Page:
How Much Do Pharmacists Make?

Pharmacists can make good salaries, but like any high-level health care professional, they'll need to put in the work first.

Handing out prescription medicines to consumers is a higher calling.

Helping people follow their physician's guidance and getting them the tools they need to cope with or recover from an illness can be a difference-maker in many lives. Most pharmacists know they have chosen a gratifying profession.

They may also be gratified by the financial rewards, as pharmacists rank on the higher end of professional occupations.

Let's fill out an RX of our own, and put a microscope over physician salaries in the U.S. to see just how much the profession offers potential pharmacy professionals these days.

What Is the Average Salary of a Pharmacist?

According to the U.S. Bureau of Labor Statistics, pharmacists earn $126,120 annually, or $60.64 per hour on the job.

Percentile-wise, the top 10% of U.S. pharmacists earned around $161,250 in 2018, while the bottom 10% of the pharmacy trade earned about $87,790.

A pharmacist's salary does depend on where he or she practices his or her vocation geographically. Also, there are some caveats on time and scheduling, too, that might factor into a pharmacist's salary.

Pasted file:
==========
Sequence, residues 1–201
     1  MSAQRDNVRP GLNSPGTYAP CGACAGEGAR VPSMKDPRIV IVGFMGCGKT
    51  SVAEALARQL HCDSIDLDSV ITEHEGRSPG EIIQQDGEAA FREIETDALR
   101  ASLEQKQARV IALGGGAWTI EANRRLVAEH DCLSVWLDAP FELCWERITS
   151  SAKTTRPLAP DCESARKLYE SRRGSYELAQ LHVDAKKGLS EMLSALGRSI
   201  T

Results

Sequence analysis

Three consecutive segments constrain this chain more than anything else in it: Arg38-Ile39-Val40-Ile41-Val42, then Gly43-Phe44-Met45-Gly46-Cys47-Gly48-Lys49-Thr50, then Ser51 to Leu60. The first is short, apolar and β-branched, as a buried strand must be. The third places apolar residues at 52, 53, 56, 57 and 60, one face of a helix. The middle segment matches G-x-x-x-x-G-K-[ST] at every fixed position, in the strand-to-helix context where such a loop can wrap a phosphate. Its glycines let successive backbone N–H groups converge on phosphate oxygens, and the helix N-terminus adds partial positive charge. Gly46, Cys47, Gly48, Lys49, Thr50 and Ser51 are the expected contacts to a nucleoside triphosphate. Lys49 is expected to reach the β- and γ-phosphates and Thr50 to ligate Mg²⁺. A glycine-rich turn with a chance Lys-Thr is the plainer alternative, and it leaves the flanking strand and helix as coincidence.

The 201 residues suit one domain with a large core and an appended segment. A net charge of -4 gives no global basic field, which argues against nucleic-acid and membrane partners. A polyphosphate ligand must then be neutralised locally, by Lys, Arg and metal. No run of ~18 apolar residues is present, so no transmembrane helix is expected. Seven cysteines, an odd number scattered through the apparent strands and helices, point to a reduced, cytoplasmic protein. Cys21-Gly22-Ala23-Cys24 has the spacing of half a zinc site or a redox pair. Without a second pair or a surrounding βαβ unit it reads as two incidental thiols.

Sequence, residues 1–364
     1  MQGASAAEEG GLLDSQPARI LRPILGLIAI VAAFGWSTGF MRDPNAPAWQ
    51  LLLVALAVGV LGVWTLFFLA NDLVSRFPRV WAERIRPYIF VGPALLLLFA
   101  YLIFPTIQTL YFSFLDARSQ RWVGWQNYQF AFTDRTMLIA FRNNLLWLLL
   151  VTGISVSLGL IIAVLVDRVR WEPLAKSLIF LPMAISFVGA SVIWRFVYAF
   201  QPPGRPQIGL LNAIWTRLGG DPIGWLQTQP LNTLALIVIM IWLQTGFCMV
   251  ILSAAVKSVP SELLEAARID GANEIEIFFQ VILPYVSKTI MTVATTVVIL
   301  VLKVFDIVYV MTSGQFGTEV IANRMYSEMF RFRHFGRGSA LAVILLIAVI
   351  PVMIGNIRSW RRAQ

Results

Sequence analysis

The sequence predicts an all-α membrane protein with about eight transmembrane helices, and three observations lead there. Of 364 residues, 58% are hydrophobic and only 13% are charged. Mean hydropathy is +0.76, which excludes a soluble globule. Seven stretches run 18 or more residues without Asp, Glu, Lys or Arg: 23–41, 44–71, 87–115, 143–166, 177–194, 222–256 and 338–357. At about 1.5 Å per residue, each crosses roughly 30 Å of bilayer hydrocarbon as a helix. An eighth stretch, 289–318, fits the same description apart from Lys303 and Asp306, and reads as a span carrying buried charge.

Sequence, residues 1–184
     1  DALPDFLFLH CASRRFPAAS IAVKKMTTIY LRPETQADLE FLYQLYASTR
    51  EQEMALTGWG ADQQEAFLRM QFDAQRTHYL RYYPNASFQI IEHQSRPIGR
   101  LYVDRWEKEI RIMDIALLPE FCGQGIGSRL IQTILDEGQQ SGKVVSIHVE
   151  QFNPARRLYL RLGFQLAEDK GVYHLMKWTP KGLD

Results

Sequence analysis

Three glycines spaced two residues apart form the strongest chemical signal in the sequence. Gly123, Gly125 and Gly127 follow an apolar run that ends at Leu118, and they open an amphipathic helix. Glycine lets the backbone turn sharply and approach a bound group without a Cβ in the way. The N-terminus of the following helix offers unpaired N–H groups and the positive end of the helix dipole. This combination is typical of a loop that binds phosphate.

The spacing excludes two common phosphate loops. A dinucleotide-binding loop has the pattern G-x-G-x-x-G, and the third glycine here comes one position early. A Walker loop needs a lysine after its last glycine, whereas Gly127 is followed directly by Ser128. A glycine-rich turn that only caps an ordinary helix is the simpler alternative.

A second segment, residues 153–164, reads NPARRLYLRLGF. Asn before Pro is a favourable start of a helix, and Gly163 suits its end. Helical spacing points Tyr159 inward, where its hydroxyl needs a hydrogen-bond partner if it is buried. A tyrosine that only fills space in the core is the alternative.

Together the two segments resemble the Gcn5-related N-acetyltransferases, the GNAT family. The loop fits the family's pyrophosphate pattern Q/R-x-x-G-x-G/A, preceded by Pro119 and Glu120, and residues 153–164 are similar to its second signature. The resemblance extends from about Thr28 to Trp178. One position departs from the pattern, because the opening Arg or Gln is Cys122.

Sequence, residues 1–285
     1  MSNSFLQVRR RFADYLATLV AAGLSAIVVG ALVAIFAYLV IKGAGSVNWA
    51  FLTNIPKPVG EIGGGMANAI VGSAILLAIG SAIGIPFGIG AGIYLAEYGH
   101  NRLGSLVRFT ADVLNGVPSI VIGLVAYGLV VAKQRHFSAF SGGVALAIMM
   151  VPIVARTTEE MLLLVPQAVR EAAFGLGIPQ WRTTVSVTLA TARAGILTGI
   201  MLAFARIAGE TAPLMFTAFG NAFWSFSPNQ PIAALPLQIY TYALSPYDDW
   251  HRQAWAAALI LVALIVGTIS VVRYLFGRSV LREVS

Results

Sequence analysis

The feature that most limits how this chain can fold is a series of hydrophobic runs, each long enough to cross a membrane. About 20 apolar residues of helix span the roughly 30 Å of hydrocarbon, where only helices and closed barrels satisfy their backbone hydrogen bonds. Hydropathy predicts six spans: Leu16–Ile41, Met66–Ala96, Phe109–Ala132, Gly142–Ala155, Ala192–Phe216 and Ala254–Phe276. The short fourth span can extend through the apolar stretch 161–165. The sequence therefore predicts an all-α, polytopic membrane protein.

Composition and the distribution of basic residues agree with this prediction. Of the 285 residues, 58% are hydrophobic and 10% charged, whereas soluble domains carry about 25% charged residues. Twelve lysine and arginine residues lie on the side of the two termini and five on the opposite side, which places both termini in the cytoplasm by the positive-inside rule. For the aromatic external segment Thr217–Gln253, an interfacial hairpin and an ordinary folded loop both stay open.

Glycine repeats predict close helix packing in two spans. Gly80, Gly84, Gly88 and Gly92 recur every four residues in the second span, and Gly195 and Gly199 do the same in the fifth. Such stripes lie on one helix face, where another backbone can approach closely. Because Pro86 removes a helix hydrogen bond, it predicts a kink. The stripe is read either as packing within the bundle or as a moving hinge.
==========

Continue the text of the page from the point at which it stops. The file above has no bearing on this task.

According to the USBL, salary depends on where a pharmacist plies the trade, as follows:

  • General merchandise stores - $131,460.00
  • Food and beverage stores - $130,140.00
  • Hospitals, state, local and private - $127,330.00
  • Pharmacies and drug stores - $124,760 also takes a regular look at average annual pharmacy salaries, and their outlook is a bit lower than the one provided by Uncle Sam and the U.S. Labor Department.

According to PayScale, the average U.S. pharmacist salary stood at $111,525 at the end of 2018, with a broad salary range of between $76,000 and $134,000.

While pharmacy skills categories like pediatrics and hospital/clinic pharmacy are in decline, and are thus limiting salaries, other areas like retail pharmacy oncology and long-term senior care were on the rise in 2018, and are setting the table for higher pay in those categories.

How Pharmacists Fare on a Regional Basis

Geography plays a big role in how much pharmacists are paid in the U.S.

That's because supply-demand issues matter and salaries generally grow higher in high-volume urban areas where the demand for trained pharmacy professionals is robust.

Consider states like Idaho ($120,900 average salary) or Iowa ($115,000 average salary) - in low-population states, the trend tilts toward lower annual average salaries for professional pharmacists.

Conversely, high-population states like New York ($126,100) or California ($151,800) tend to pay their pharmacists better, but that's also likely due to the high costs of living in those states.

Then there's the geography issue. Far-away states like Alaska ($136,600) pay their pharmacists relatively higher salaries because so few professional pharmacists choose to ply their trade in Alaska, compared to states like New York, Florida or California.

Consequently, if you want to take your pharmacist credentials to a land filled with fresh air, scenic vistas, and hardy people, Alaska could be the state for you.

What Other Factors Impact a Pharmacists Salary?

There are other factors that come into play that can sway pharmacists salaries one way or the other.